The Positives Of An Oil Price Slump

There is a positive side to the oil slump, of course. Drivers and individual consumers have seen petrol prices at the pump rise significantly over the past few years, and at least some of the considerable reduction in crude oil prices should be passed on to the individual petrol consumer, and also to energy buyers. Precisely how much of this price reduction will be passed on remains to be seen, but any reduction is a positive one for car owners. Businesses that rely on oil, for shipping or for manufacturing, should also benefit.

 Yuan Devaluation

The U.S. has long criticized China, with the view that they have kept their currency deliberately low when compared to the Dollar. The Chinese government was, at least according to Washington, attempting to ensure that Chinese exports remained highly competitively priced. Despite this criticism, economic data indicates that the currency actually appreciated by more than 30% against the Dollar, and so the International Monetary Fund welcomed the decision to devalue the currency.

 Global Effects

The devaluation of the Yuan will impact on economies around the world. Brazil, as China’s primary trading partner, would usually expect to see a significant downturn in their own economy as a result. However, while the devaluation is a concern for Brazil, it will not be felt as strongly as the end of the commodity boom that had seen Brazil’s own economy perform admirably in recent years.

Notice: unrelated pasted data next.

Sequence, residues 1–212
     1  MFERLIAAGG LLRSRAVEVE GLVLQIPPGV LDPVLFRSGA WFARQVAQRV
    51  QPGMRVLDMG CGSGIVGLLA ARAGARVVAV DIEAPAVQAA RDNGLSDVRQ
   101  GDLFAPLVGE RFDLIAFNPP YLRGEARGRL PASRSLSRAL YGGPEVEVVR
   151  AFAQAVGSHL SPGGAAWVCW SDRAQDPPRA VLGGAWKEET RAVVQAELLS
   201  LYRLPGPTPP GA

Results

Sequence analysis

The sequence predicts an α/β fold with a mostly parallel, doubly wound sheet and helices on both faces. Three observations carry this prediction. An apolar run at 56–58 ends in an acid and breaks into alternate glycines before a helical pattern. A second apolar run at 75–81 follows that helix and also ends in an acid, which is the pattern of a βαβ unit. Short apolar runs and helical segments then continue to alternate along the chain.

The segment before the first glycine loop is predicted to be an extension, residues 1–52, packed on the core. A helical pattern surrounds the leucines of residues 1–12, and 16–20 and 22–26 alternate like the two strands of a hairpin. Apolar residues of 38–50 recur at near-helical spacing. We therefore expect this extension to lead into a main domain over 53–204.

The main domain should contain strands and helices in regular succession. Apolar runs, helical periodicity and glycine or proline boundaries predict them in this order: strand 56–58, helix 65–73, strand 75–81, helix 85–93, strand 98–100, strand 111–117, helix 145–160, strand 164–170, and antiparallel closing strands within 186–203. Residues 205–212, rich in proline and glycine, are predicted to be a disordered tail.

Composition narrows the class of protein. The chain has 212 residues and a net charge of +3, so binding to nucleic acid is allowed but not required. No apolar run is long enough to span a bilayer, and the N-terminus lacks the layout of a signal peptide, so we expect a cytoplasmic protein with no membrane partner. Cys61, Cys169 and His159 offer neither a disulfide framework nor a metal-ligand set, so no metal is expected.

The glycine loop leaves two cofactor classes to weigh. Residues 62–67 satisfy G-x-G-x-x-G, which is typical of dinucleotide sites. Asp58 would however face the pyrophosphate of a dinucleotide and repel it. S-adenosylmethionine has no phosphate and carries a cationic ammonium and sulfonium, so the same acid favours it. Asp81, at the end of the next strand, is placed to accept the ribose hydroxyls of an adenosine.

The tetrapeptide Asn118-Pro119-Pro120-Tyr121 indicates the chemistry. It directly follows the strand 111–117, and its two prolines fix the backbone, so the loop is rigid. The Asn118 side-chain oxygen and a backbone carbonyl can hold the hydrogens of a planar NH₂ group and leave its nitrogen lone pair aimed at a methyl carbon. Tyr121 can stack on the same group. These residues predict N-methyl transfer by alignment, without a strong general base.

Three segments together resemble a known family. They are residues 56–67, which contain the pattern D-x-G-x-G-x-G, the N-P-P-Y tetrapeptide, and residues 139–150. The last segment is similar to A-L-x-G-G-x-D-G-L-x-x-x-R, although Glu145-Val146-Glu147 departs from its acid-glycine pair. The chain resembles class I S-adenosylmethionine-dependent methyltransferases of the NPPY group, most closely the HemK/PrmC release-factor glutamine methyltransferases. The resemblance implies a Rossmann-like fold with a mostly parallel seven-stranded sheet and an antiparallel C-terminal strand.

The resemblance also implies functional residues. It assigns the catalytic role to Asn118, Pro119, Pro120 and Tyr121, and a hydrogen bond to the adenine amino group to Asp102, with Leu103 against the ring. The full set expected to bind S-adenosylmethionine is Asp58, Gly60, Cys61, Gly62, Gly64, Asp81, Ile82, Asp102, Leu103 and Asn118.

Economies that compete with China for exporting goods will also suffer. Although China has tried to shed the image of a country that experts cheap goods to the world, it remains one of the largest and most prominent manufacturers of cheap clothing, electronic goods, and components. Countries like India, who already find it difficult to compete with China’s low prices, will have even more of a struggle on their hands as they have to try and reduce prices to make up for the Yuan devaluation.

There are some economists and analysts that point to the tumbling stock market, currency devaluation, and slowing growth as being a precursor to a major and global economic crisis. Parallels can certainly be drawn between now and the beginning of the global recession in 1998, and with China’s economy playing such a vital and intrinsic part in the global economy, it is understandable that many investors and experts are taking this view.

However, most agree that while there are turbulent times ahead for global economies, for stock markets, for the foreign exchange market, and specifically for China and its companies and investors, it is unlikely to have a huge or long-term effect on European, American, or global economies. Investment experts have said that medium- and long-term stock investments remain safe, while the turbulence in commodity and foreign exchange prices present opportunity for those with a clear investment strategy.